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Pods, joysticks doing their part to grow boating

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Joystick systems controlling pods, straight shafts, sterndrives and even outboards have become more and more a part of the mainstream. Not only are these new technologies often more efficient from a propulsion standpoint, as is the case with pod drives, but they also are allowing people to move more easily into larger boats by reducing docking jitters, especially when the wind is blowing or a current is running.

Numbers are difficult to come by, but anecdotal evidence suggests that these close-quarters maneuvering systems are not only bringing new people into boating, but in some cases are keeping boaters in the sport by reducing stressful docking incidents. Too many 21st century Capt. Blighs yelling at beleaguered crewmembers as they ricochet off pilings is not a part of the Grow Boating formula.

Pod propulsion with joystick technology is not new, but the recession undoubtedly slowed its adoption when it slammed the brakes on new-boat production three years ago. Volvo Penta introduced its Inboard Propulsion System in 2005 and Cummins MerCruiser followed with Zeus two years later.

Volvo Penta, MerCruiser and, most recently, Yanmar America Corp. (see Page 29) produce joystick systems for their sterndrives. ZF Marine, which builds pods, and Twin Disc have docking control systems for straight shafts using thrusters. (ZF Marine also did the first outboard joystick.) And Teleflex Marine recently introduced a joystick for twin-outboard installations (Page 29).

“For anybody building a boat 30 feet and larger today, if they haven’t looked at a joystick system, they’re behind the curve,” says Martin Meissner, marketing manager for ZF Marine. “Early adopters were paramount in this three or four years ago. Now it’s gone mainstream. We’re past the early adopter stage.”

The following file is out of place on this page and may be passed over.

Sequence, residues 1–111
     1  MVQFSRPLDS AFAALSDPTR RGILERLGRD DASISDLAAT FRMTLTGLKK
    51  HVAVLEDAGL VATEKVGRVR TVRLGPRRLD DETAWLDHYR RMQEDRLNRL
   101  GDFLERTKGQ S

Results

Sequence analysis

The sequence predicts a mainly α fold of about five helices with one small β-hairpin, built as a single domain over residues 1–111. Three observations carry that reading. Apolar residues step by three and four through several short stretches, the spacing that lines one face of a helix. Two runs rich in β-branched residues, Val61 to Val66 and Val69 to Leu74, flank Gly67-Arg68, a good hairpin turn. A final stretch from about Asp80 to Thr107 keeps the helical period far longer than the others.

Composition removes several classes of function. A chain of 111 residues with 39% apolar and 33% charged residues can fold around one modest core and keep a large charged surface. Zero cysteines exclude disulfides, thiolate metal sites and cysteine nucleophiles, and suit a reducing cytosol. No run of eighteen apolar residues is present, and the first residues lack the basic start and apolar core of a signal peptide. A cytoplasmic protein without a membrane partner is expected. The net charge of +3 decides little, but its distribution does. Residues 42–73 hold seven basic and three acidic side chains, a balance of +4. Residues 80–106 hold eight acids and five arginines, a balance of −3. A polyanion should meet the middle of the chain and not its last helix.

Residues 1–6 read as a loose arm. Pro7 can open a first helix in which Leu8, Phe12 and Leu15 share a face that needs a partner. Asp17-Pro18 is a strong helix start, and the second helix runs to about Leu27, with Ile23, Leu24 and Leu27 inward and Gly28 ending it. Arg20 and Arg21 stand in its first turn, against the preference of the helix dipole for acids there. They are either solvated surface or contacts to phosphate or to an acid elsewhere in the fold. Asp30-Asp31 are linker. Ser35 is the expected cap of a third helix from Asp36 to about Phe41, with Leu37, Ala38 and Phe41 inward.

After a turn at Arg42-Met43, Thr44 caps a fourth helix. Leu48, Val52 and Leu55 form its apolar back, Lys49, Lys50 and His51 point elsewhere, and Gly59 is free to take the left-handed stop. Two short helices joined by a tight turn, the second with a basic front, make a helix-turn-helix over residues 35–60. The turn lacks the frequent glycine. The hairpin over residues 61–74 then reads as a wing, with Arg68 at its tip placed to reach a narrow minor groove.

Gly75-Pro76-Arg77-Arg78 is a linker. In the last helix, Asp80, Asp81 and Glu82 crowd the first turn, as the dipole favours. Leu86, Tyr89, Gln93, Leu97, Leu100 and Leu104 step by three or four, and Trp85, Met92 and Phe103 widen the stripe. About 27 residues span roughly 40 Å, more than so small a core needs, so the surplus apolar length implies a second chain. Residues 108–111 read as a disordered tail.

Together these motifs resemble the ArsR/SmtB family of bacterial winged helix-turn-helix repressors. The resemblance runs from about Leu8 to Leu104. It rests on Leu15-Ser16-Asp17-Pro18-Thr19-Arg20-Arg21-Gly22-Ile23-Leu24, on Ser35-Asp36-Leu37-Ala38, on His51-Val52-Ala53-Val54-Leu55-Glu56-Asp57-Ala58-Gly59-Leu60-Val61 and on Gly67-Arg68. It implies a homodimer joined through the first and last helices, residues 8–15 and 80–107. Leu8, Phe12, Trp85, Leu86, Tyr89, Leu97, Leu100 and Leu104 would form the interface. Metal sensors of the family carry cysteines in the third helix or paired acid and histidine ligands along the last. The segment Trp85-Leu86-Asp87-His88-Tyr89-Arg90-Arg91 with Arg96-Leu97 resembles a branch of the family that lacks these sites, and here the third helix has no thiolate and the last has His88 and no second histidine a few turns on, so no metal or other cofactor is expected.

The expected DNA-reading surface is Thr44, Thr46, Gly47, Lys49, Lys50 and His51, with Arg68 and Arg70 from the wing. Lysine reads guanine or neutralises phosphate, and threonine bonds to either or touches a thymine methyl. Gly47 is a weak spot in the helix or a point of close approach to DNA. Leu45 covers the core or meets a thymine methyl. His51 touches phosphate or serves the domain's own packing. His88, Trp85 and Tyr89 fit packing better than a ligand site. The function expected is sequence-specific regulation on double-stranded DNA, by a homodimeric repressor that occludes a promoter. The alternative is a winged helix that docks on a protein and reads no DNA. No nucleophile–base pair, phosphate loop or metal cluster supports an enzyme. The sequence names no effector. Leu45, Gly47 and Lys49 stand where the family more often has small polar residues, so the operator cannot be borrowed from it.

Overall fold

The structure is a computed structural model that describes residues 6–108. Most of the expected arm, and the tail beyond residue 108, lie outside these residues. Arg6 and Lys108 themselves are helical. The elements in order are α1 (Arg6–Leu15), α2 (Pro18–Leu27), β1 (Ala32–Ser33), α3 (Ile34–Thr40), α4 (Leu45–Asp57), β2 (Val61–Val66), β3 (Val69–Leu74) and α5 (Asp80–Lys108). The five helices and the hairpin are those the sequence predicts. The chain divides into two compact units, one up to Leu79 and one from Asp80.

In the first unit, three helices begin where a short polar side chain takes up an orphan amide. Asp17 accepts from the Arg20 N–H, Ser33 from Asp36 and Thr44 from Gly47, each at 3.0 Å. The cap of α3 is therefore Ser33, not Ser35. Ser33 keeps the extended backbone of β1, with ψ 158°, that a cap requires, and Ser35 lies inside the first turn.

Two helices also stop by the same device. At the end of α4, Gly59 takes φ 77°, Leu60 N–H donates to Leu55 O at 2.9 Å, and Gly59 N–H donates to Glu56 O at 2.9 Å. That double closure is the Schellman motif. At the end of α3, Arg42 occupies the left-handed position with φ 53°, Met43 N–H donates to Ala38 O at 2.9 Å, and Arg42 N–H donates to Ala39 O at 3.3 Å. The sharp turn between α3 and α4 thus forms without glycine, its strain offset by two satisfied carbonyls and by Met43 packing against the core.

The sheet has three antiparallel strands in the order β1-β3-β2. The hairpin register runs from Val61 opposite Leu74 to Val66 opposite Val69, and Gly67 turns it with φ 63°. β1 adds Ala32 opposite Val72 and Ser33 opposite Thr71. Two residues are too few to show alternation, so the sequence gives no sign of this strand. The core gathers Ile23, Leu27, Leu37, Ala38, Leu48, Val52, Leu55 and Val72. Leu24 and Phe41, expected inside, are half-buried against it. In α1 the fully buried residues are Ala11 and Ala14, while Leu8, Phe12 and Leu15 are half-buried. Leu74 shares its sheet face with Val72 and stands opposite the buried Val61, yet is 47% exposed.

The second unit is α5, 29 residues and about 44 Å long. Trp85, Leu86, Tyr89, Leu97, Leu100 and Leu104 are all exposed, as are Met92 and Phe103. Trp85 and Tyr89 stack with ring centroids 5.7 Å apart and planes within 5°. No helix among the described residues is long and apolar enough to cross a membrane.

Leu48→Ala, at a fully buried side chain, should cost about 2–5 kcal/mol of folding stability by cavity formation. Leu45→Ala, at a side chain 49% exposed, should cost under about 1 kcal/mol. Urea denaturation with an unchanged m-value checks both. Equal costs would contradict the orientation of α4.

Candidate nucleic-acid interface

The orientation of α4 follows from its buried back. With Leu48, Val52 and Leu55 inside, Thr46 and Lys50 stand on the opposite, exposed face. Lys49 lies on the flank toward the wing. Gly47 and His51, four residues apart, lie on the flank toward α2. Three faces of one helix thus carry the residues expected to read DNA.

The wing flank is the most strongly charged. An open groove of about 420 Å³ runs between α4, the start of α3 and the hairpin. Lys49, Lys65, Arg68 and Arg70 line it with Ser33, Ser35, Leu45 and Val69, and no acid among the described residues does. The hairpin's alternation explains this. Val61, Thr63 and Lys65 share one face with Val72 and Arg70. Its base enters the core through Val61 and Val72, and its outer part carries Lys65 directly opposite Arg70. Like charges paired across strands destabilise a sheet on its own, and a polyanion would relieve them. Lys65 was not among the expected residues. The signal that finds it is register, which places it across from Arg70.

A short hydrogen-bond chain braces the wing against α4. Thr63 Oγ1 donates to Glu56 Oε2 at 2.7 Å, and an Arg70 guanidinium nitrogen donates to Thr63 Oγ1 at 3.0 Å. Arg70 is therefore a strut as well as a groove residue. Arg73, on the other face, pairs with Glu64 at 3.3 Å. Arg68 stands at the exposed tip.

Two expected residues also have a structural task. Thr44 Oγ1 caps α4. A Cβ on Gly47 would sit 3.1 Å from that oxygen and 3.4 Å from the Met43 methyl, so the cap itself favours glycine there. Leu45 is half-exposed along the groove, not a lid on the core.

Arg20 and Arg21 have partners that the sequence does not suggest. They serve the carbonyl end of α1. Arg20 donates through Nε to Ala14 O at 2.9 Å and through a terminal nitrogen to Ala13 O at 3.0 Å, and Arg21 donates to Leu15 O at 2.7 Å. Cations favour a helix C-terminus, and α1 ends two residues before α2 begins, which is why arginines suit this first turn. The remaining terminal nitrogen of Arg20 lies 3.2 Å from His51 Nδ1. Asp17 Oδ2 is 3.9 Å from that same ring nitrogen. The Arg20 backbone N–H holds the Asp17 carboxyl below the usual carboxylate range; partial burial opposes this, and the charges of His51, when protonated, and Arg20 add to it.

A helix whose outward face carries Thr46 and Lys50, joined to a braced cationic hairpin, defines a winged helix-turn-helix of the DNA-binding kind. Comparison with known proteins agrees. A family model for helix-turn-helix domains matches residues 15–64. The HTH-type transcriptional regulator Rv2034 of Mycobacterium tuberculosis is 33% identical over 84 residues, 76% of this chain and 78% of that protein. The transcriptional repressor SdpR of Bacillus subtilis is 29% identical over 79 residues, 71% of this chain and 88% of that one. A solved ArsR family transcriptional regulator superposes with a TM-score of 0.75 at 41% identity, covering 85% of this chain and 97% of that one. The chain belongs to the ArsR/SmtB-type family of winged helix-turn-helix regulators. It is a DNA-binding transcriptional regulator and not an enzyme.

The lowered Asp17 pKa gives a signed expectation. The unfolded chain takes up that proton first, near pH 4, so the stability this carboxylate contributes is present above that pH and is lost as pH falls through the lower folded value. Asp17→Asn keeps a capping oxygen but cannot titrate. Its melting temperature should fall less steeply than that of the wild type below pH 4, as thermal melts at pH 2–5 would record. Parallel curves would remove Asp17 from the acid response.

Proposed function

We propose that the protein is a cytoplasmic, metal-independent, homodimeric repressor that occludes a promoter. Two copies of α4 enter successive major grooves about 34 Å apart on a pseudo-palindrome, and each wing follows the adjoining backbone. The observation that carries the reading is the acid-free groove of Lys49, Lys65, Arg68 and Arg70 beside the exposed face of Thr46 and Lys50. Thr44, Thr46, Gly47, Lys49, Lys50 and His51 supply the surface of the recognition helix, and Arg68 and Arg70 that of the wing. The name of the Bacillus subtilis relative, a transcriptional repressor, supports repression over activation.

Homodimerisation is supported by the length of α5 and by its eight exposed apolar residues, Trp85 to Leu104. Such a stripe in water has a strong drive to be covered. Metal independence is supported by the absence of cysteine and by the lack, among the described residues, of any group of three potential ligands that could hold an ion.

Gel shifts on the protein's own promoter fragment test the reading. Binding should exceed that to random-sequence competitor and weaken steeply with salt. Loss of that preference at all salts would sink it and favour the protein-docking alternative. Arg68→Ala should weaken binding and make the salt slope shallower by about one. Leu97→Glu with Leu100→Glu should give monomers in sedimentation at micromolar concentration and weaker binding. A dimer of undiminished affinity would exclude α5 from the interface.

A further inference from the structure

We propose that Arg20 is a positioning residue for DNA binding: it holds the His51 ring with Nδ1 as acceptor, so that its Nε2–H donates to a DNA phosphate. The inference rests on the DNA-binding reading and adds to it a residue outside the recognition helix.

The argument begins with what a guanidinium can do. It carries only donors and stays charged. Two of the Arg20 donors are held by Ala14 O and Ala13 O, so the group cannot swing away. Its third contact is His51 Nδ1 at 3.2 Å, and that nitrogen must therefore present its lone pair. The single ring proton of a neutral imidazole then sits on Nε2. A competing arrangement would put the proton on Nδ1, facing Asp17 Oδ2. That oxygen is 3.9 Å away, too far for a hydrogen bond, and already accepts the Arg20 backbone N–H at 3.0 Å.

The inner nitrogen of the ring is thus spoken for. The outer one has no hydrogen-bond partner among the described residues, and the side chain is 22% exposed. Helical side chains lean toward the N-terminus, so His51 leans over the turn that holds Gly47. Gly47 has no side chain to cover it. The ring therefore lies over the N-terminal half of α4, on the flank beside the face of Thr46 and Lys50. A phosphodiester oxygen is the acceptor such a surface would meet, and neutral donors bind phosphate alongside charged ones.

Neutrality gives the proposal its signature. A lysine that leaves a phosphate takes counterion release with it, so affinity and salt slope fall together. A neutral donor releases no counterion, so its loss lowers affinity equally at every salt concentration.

Seventy percent of traditional powerboats sold in the United States are under 21 feet, so these technologies won’t affect most boats. But they are having an increasingly larger effect in terms of dollar volume because they are being installed on boats in the upper-20-foot range and larger.

CMD Zeus product manager Rob Mirman told Soundings recently, “I think we are past the point of convincing the boating public that pods are a worthy form of propulsion. All the big boatbuilders are offering pod options in the boats where they make sense.”

More than 125 boatbuilders worldwide, including about 50 in this country, use Volvo’s IPS in about 275 models; roughly 45 builders use CMD Zeus in about 68 models. And the numbers are growing.

There are myriad benefits to pods and joystick control systems, from efficiency to noise reduction to slow-speed maneuvering, but it is the latter that seems to have the most resonance with consumers. “It’s allows people to enter the game with the boat they really want … and not settle for something smaller because they’re intimidated by the bigger boat,” says Tad Whitten, who is starting his fourth year running the Zeus and Axius Experience Tour, which has given thousands of consumers across the country their first experience with these systems. “They all struggle with getting the boat in on a windy day. This takes all that away. With joystick control, they can finally buy the boat they want.”